Intuition can be one way!

Show that the numbers \(\sqrt 2, \sqrt 3, \sqrt 5\) can never be the terms (not necessarily consecutive) of a single Arithmetic Progression.


Generalized Form: Show that the numbers \(\sqrt p, \sqrt q, \sqrt r\) can never be the terms (not necessarily consecutive) of a single Arithmetic Progression, where \(p,q,r\) are three distinct prime numbers.

Note by Sandeep Bhardwaj
2 years, 9 months ago

No vote yet
1 vote

  Easy Math Editor

MarkdownAppears as
*italics* or _italics_ italics
**bold** or __bold__ bold

- bulleted
- list

  • bulleted
  • list

1. numbered
2. list

  1. numbered
  2. list
Note: you must add a full line of space before and after lists for them to show up correctly
paragraph 1

paragraph 2

paragraph 1

paragraph 2

[example link](https://brilliant.org)example link
> This is a quote
This is a quote
    # I indented these lines
    # 4 spaces, and now they show
    # up as a code block.

    print "hello world"
# I indented these lines
# 4 spaces, and now they show
# up as a code block.

print "hello world"
MathAppears as
Remember to wrap math in \( ... \) or \[ ... \] to ensure proper formatting.
2 \times 3 \( 2 \times 3 \)
2^{34} \( 2^{34} \)
a_{i-1} \( a_{i-1} \)
\frac{2}{3} \( \frac{2}{3} \)
\sqrt{2} \( \sqrt{2} \)
\sum_{i=1}^3 \( \sum_{i=1}^3 \)
\sin \theta \( \sin \theta \)
\boxed{123} \( \boxed{123} \)

Comments

Sort by:

Top Newest

Suppose \(a_{i} = \sqrt{2}, a_{j} = \sqrt{3}, a_{k} =\sqrt{5}\) are terms in an arithmetic sequence \(\{a_{n}\}\) with common difference \(d,\) where \(i,j,k\) are not necessarily consecutive. Then

\(\sqrt{2} = a_{1} + (i - 1)d, \sqrt{3} = a_{1} + (j - 1)d\) and \(a_{k} = a_{1} + (k - 1)d.\)

We can then subtract these equations from one another successively to find that

\(\sqrt{3} - \sqrt{2} = (j - i)d\) and \(\sqrt{5} - \sqrt{3} = (k - j)d\)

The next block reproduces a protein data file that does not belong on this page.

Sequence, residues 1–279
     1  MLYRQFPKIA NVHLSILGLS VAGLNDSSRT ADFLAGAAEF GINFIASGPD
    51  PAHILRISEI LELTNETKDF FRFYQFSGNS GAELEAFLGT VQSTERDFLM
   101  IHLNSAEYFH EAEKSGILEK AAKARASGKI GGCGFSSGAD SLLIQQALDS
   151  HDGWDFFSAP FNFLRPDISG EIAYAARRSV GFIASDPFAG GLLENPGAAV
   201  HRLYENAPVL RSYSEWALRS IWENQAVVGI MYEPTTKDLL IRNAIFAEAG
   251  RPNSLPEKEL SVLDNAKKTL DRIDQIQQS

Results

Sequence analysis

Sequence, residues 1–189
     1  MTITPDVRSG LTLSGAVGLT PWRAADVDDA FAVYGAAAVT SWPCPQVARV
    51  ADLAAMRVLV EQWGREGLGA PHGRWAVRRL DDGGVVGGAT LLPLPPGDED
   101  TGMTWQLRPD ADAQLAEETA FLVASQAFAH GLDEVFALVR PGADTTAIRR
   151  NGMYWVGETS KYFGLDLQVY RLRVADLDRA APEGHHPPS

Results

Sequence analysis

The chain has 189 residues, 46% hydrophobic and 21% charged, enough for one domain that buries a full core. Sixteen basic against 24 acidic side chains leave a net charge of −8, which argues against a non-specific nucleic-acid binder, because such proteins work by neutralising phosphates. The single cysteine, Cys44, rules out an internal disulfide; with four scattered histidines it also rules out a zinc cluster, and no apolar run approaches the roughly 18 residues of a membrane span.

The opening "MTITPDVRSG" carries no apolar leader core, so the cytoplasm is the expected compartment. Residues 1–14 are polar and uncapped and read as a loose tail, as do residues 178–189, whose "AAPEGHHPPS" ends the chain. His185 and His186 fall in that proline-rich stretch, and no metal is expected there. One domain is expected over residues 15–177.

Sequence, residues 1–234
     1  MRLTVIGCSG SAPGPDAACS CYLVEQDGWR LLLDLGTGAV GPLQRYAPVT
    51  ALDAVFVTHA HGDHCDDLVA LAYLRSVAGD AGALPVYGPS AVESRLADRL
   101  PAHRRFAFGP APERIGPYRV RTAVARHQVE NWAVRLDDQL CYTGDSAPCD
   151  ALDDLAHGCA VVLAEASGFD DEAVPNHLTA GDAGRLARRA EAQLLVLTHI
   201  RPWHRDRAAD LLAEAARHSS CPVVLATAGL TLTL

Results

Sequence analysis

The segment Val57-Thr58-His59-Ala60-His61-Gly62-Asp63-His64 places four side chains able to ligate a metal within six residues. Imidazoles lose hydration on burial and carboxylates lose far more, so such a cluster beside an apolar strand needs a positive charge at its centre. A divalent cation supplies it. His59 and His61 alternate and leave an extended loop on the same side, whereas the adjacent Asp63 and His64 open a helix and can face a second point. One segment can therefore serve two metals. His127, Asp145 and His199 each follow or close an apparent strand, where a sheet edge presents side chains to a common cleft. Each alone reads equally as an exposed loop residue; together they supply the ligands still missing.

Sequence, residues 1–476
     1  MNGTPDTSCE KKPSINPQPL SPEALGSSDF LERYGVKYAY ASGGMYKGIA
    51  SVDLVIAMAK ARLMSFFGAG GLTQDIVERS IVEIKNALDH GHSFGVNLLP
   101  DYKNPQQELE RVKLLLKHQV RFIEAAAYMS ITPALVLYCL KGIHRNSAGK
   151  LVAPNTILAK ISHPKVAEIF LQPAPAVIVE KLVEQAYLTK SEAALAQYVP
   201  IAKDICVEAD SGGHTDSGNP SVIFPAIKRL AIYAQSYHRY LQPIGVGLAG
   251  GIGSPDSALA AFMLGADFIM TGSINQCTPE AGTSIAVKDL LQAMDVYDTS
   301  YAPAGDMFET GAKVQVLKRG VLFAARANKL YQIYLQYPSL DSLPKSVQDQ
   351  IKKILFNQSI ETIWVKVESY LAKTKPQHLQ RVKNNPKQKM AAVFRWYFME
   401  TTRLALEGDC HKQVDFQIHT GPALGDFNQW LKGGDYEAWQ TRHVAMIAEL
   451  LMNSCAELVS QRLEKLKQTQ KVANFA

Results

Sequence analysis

\(\Longrightarrow \dfrac{k - j}{j - i} = \dfrac{\sqrt{5} - \sqrt{3}}{\sqrt{3} - \sqrt{2}} = \sqrt{15} + \sqrt{10} - \sqrt{6} - 3.\)

But then the LHS of this last equation is rational and the RHS irrational, and so our initial assumption that \(\sqrt{2}, \sqrt{3}, \sqrt{5}\) are terms of the same AP is false.

For the generalized form with primes \(p,q,r\) the RHS of the last equation would become

\(\dfrac{\sqrt{r} - \sqrt{q}}{\sqrt{q} - \sqrt{p}} = \dfrac{1}{q - p}(\sqrt{rq} + \sqrt{rp} - \sqrt{pq} - q),\)

which is, as before, irrational, (since none of \(rq, rp, pq\) are perfect squares, nor do the roots cancel).

(Note that they cannot be terms of the same geometric progression either.)

Brian Charlesworth - 2 years, 9 months ago

Log in to reply

Greetings, Brian! Just to play the devil's advocate: How do you know that \(\sqrt{15}+\sqrt{10}-\sqrt{6}\) isn't rational?

Otto Bretscher - 2 years, 9 months ago

Log in to reply

The most rational reasoning is to use the standard method of rationalising and finding a contradiction. This should help

Sualeh Asif - 2 years, 9 months ago

Log in to reply

Greetings, Otto! Yes, I was afraid that someone was going to ask that. I was just about to write up a proof, but I notice now that the approach I was going to use is the same as in Sualeh's link, so I think that reference will suffice. :)

Brian Charlesworth - 2 years, 9 months ago

Log in to reply

@Brian Charlesworth Thank you both!

Otto Bretscher - 2 years, 9 months ago

Log in to reply

×

Problem Loading...

Note Loading...

Set Loading...